• Alicia Assad on CaringBridge

Resilience...and Henry, my one month old "miracle baby."

The moment William's accident happened, I was already tired and stressed out. Thirty six weeks pregnant and headed out the door with Henry's sonogram in hand that noted the enormous size of his ureters and the beginnings of kidney damage, I was distracted but pulled back to reality as I heard the babysitter scream. With the rising sensation of fear and panic in my chest, I ran back into the kitchen, and saw the babysitter running to the sink with William in her outstretched hands. I grabbed William from her and when I saw the heat and steam rising up off of his clothes, I attempted to rip his shirt off not realizing that his bicycle helmet was still on. I had to fight the adrenaline rush and slow down in order to unbuckle the strap and remove the helmet, then peel off his shirt. In this eternally slow and clumsy moment, the severity of the situation became apparent as the skin had almost completely melted off half of his face, neck, chest and arms. As I tried to grapple with what this meant, I couldn't help but feel as though I was helplessly sinking into a dark hole. Maybe I wanted to sink into that hole and disappear because I knew what I had to do, but didn't want to. I really just wanted to run away from it all.

Not wanting to shift from this moment because I knew the next would be even harder, I looked up, saw Eddie standing nearby and was relieved to be able to give him William. As I handed him off, Eddie and I made eye contact and had an unspoken dialogue that said, "knowing how long it took the ambulance to get here when he had his stitches four weeks ago, we need to just get in the car and get to the hospital," and with that Eddie headed for the car. I turned around with the intention of finding my purse and when I faced the babysitter, I paused but the room continued to spin around me, and suddenly the fear and panic escaped my body as I screamed, "Nooooo! I can't handle this!" and collapsed. The babysitter caught me, picked me up and held me by the shoulders while she shook me and said, "Alicia, listen to me - you need to be strong. You need to get William through this and you can't let yourself go into labor now." With that, something in my perspective shifted and I found my way to a stronger place. I regained my footing, calmly walked out the door and climbed into the car next to William so I could hold the carseat straps away from his raw, oozing skin as Eddie dodged rush hour traffic to the hospital. While I was more scared and helpless than ever before in my life, I stayed focused on what I needed to do and that was comfort my terrified son. I pressed my cheek to the unburned side of his face as he screamed so I could whisper in his ear over and over again, "Mommy loves you so much, I know the ouchies hurt but you are going to be all better soon. You are going to be alright."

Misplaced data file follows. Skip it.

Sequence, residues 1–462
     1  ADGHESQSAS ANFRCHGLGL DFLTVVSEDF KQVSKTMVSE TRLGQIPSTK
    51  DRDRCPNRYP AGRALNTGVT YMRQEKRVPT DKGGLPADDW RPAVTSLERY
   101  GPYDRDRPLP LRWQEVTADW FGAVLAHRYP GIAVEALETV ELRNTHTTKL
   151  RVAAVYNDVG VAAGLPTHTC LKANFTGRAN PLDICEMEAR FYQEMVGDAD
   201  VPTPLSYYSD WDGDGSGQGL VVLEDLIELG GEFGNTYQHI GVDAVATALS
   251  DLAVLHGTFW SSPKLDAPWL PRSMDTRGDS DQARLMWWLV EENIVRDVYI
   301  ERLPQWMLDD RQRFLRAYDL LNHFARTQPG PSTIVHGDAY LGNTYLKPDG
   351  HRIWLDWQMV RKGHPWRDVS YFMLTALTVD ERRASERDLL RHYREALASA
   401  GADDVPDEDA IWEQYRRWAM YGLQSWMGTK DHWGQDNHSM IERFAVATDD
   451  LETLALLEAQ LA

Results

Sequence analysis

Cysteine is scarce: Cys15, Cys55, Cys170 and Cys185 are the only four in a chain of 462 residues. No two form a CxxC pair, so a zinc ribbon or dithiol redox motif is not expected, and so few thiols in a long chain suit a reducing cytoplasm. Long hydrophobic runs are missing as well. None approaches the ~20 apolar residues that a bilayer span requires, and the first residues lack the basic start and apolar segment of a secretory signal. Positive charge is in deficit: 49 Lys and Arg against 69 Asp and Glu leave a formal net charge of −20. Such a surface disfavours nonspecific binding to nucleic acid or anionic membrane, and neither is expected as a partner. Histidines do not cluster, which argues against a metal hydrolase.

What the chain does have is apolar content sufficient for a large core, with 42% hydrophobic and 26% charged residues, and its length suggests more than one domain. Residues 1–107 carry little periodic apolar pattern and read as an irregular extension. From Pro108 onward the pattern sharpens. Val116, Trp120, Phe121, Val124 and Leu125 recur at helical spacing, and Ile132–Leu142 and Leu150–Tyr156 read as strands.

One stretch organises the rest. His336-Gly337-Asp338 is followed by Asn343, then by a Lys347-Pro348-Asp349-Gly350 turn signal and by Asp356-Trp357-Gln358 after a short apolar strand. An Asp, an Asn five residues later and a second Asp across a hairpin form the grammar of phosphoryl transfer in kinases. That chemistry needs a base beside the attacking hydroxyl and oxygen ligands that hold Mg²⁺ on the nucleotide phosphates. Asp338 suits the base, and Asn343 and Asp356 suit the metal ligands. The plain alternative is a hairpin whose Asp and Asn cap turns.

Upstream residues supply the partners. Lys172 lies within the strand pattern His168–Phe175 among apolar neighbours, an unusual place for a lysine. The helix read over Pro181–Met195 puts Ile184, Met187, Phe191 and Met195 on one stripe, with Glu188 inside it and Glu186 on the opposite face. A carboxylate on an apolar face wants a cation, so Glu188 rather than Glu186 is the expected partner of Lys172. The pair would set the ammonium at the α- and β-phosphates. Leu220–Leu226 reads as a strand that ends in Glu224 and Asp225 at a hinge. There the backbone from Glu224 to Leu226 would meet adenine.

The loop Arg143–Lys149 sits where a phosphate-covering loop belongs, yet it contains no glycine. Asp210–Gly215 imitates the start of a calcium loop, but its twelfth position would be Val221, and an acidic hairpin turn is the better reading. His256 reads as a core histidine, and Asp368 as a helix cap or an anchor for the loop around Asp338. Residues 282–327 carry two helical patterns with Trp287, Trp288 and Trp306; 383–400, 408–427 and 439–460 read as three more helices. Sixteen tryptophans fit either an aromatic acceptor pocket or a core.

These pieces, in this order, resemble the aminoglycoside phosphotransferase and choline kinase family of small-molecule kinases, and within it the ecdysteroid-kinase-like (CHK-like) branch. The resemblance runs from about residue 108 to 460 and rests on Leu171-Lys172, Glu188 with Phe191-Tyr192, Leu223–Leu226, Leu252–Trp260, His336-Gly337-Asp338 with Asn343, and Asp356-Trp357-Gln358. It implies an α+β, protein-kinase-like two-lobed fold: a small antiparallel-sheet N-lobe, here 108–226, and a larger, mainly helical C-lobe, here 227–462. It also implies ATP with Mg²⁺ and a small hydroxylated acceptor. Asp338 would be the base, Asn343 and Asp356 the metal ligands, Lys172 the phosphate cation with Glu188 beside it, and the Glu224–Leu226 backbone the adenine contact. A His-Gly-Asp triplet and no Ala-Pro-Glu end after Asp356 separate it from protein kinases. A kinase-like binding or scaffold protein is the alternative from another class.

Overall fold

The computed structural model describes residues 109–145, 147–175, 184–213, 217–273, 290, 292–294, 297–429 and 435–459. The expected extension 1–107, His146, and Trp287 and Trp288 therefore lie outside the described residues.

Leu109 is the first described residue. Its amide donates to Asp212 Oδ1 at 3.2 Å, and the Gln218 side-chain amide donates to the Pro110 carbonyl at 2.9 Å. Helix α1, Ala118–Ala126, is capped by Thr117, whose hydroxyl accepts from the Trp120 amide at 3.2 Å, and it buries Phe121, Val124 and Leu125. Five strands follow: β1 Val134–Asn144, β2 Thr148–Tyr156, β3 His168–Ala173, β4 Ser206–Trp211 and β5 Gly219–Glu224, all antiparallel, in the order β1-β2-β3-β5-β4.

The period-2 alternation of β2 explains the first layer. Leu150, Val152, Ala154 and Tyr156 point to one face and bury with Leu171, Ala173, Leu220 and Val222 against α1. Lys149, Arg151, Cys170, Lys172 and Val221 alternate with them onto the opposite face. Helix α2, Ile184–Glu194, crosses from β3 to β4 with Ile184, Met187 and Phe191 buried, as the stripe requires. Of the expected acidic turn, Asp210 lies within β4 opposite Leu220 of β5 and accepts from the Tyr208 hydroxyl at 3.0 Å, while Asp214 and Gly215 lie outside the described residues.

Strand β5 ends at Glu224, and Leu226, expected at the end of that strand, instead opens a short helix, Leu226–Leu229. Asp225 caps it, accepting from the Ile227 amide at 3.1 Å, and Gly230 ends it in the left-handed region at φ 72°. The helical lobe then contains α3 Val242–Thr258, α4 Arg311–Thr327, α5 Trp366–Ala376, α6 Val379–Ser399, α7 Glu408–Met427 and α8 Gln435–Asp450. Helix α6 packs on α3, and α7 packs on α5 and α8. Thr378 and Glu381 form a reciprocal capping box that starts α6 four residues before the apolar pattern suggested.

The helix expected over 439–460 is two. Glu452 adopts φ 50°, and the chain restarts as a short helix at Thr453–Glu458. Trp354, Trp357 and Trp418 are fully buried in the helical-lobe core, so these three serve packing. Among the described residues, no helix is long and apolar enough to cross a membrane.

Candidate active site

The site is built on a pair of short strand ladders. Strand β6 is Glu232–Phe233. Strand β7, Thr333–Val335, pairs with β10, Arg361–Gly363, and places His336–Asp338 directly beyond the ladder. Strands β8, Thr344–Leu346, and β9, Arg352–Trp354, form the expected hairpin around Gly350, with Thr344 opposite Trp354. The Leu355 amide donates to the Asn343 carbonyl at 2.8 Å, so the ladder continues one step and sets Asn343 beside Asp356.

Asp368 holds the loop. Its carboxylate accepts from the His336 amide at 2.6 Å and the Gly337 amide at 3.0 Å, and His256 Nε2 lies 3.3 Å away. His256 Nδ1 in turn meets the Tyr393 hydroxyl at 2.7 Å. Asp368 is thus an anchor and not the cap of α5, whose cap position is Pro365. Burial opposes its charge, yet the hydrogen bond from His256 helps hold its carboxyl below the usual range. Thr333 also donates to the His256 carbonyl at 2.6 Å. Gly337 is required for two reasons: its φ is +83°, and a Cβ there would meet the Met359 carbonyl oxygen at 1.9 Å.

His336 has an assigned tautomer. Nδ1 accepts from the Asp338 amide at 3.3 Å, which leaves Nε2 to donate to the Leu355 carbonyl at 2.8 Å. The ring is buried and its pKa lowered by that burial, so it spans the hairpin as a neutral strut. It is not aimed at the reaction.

I was so collected and focused that when I rushed through the emergency room doors, and said, "my son is burned please help me," a few doctors and nurses looked at me and then carried on with what they were doing. I repeated, "someone please, I need help...my son." No response, they all were in deep conversation and the pregnant woman running with a shirtless, crying two year old in her arms could wait. Before long I was arms length from the check in desk, and pissed off that no one was paying attention to me so I screamed, "I need help now...my son has been burned and I am very pregnant and having contractions and at risk of going into labor at any moment!" Instantaneously, I was swarmed by a group of people and whisked off to a room where I sat on a stretcher with William on my lap and before I blinked they had layered gauze on his burns, put an IV in his foot, hooked up blood pressure, heart monitors, inserted the foley catheter, started morphine and roughly explained to me that the size and location of the burns were cause for grave concern.

Throughout the remainder of the ER experience, the transfer to the burn unit, that first fear filled sleepless night with William followed by a two hour surgery the next day, then six days in the hospital, a week home anticipating the inevitable second surgery and recovery from skin grafts, six more days in the hospital, then adjusting home with a wounded kid who needed daily dressing changes and constant affection, an attention deprived Catherine who was trying to digest Mommy being in a hospital again to have the baby, breaks from it all only to go to my OB to monitor the baby that needed a surgery by three days old and may or may not need to be induced at any time if my fluid dropped, three nights of non-hospital rest followed by my water breaking and a 19 hour labor......